American Abby Wambach scored more goals than Cristiano Ronaldo and Lionel Messi combined, and yet, when she retired from football, she left with a mere portion of the income earned by male football legends.
Many justify the discrepancies in pay saying that men’s sports draw more viewers and sponsorships than the women’s do. But in the U.S, men’s national football team has never advanced past the World Cup quarter-finals after they placed third in 1930. Whereas the women’s team has won three World Cups since 1992. The 2015 Women’s World Cup final was the most-watched football game of any kind in U.S history, and yet the players earned four times less than their male counterparts.
Abby was invited last month to deliver the commencement address at Barnard College, an all-women’s liberal arts college in New York. Talking about the gender pay gap and its long-term consequences for women, she reflected on her own experience, and delivered some powerful advice for women.
Abby was a football star since the moment she first kicked a ball. She started playing the sport at the age of four, after one of her sisters decided she wanted to try it. While playing in her first youth football league at age five, she was transferred from the girls’ team to the boys’ after scoring 27 goals in only three games.
During her high school career, she scored 142 goals, including 34 in 1997 alone. The same year she travelled to Beijing, China, as a member of the first American youth football team to ever compete there.
Cited by American newspaper USA Today as one of the nation’s top 10 recruits, Abby decided to accept a full athletic scholarship to attend the University of Florida. She played with the Florida Gators women’s football team, preferring the challenge of joining a less established team over one like North Carolina, with a long history of championship titles.
After university, Abby rose to become a football icon, amassing many awards during her professional career. She holds the world record for the number of international goals scored for both female and male football players with 184 goals and won two Olympic gold medals. She is a six-time winner of the U.S Soccer Athlete of the Year, and also a FIFA Women’s World Cup champion.
Addressing “the 619 badass women” of Barnard’s class of 2018, Abby shared her learnings and emphasised on the importance of teamwork.
She started her speech recounting the night she was honoured with the Icon Award at the 2016 ESPY – an American TV sports award show – shortly after she retired.
Standing on the stage alongside her fellow honorees basketball’s Kobe Bryant and American football’s Peyton Manning, she recalled feeling grateful to be there, thinking “we women had finally made it.”
But then it hit her. While Bryant and Manning were walking away from their sports with big bank accounts – and the freedom that comes with it – she was not.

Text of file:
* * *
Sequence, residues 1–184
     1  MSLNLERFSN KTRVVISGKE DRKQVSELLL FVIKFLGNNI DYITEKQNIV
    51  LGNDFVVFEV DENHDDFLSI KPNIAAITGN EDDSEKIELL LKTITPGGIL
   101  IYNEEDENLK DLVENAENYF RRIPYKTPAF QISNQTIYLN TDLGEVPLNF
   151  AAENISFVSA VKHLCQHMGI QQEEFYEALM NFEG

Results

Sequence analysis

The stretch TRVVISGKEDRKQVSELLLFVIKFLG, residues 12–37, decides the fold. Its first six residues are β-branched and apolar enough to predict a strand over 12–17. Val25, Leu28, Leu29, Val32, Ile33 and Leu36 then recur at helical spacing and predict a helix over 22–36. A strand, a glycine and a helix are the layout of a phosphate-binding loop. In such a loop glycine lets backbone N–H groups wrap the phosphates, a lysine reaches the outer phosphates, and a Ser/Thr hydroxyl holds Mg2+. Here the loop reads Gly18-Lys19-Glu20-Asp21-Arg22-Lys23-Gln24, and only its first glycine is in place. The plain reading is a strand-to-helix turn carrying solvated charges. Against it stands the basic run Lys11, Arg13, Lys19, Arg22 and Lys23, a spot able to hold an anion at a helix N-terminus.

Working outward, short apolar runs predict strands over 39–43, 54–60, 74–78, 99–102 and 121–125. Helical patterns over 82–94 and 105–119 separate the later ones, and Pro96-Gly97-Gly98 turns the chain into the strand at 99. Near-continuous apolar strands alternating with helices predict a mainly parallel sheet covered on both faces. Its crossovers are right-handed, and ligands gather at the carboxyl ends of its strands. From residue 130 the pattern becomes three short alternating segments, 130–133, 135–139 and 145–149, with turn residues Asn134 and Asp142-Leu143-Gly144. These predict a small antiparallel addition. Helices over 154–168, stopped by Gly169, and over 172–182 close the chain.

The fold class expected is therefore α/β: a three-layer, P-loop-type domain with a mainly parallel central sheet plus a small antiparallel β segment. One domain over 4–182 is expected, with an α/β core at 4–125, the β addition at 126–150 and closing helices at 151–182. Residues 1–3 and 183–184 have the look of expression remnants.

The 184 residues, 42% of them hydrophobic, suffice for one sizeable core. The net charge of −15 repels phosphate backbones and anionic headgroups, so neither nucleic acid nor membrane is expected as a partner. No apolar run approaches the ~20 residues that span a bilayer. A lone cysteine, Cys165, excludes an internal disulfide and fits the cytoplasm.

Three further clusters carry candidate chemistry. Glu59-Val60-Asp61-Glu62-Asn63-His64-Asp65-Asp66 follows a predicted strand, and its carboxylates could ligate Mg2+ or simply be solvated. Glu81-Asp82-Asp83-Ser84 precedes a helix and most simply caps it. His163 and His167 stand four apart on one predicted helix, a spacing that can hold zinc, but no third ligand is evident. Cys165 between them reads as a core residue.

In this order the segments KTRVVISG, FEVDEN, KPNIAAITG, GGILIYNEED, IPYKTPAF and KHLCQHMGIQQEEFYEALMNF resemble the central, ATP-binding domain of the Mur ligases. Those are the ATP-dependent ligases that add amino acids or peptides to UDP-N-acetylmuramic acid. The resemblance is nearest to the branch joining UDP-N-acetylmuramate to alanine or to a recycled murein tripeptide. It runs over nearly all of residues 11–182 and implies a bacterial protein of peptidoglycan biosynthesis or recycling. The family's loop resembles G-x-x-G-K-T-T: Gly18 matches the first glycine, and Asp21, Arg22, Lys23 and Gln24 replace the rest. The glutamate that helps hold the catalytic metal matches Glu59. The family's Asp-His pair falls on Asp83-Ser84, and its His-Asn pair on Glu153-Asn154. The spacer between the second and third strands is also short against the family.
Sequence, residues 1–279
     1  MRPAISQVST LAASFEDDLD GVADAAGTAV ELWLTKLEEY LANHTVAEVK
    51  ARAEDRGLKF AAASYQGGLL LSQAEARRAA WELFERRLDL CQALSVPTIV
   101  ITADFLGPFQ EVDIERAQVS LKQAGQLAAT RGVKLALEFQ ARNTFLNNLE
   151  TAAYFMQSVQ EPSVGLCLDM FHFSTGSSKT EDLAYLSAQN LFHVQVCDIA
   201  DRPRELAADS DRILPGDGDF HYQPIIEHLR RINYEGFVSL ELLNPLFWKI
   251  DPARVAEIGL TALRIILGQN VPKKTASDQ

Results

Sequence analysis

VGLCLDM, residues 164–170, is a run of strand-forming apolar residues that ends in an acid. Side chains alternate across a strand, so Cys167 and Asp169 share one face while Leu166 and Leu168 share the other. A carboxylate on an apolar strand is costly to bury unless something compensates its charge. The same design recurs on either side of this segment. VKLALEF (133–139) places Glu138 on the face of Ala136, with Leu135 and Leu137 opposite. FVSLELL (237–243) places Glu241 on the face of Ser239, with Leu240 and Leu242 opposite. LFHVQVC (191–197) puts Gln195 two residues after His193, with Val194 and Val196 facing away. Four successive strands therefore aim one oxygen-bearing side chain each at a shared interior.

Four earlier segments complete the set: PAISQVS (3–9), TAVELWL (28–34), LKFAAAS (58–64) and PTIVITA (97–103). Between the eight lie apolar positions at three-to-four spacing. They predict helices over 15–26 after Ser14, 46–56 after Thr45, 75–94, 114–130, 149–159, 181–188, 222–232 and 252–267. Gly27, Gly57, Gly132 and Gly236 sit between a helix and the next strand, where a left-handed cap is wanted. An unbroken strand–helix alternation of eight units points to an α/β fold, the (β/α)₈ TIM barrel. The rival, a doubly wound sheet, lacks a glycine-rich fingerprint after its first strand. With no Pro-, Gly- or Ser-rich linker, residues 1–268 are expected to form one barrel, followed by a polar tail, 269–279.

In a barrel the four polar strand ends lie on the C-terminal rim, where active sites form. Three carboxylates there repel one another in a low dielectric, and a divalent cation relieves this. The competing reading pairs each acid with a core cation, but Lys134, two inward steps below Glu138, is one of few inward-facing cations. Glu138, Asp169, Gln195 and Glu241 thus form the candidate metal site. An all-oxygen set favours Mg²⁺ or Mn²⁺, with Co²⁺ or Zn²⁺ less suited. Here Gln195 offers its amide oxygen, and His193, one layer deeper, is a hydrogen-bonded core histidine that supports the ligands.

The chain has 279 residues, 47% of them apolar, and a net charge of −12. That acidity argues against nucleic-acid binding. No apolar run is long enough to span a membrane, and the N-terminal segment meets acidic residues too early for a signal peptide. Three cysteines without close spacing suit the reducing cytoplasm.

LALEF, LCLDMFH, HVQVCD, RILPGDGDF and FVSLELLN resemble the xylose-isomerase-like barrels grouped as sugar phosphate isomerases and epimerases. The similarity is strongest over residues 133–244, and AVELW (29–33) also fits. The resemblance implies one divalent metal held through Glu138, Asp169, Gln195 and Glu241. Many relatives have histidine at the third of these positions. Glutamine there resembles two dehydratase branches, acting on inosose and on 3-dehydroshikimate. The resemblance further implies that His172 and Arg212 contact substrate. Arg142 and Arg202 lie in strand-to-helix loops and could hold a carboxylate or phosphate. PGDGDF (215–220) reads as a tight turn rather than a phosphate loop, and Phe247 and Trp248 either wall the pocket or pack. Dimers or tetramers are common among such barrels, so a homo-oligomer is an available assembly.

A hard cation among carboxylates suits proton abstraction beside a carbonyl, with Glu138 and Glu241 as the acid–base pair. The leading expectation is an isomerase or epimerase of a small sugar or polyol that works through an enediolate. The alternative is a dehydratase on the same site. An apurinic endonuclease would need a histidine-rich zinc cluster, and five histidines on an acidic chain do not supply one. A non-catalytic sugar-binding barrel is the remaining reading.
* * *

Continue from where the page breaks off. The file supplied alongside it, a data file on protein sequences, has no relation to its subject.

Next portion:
“I’d spent most of my time during my career the same way I’d spent my time on that ESPY stage. Just feeling grateful” she said. “Grateful to be one of the only women to have a seat at the table. I was so grateful to receive any respect at all for myself that I often missed opportunities to demand equality for all of us.”
The feeling of appreciation is ingrained in women from a young age, she said, invoking the lessons of the Little Red Riding Hood fairy tale.
“The message is clear: Don’t be curious, don’t make trouble, don’t say too much or bad things will happen. I stayed on the path out of fear – not of being eaten by a wolf – but of being cut, being benched, losing my pay check.”
We can be grateful, Abby explains, as long as we to recognise our worth and demand what we deserve.
Here are Abby’s four rules for women to be successful in life.
1. Make failure your fuel
No one likes to fail. Women, in particular, take failure really hard. Abby cited Michelle Obama:
“I wish that girls could fail as well as men do and be okay. Because let me tell you watching men fail up—it’s frustrating. It’s frustrating to see men blow it and win. And we hold ourselves to these crazy, crazy standards.”
Failure, Abby explains, is not something to be ashamed of but it is rather something to be powered by. We must embrace it as our fuel.
2. Lead from the bench
Our status or position doesn’t define our self-worth. “If you’re not a leader on the bench, don’t call yourself a leader on the field” said Abby. “You’re either a leader everywhere or nowhere.”
If we’re benched – or passed over for a promotion, or taken off a project – while our colleagues get ahead, here is what’s important: we are allowed to be disappointed, but we should never miss the opportunity to lead from the bench.
3. Champion each other
Women often find themselves having to compete against each other for that one seat at the table. But it is within our power to reach out to other women to champion them.
“Amplify each others’ voices” Abby called on graduates. “Call out each other’s wins and just like we do on the field: claim the success of one woman, as a collective success for all women.”
4. Demand the ball
“Women. At this moment in history leadership is calling us to say: give me the effing ball. Give me the effing job. Give me the same pay that the guy next to me gets. Give me the promotion. Give me the microphone. Give me the Oval office. Give me the respect I’ve earned and give it to my wolf pack too.”
It’s time women to recognise and value their worth, to be more assertive and to not be afraid to ask for what they deserve.
Abby Wambach concluded her speech with the most important message yet:
“Don’t just ask yourself, “What do I want to do?” Ask yourself: “WHO do I want to be?” Because the most important thing I’ve learned is that what you do will never define you. Who you are always will.”
Featured image under CC BY 2.0 license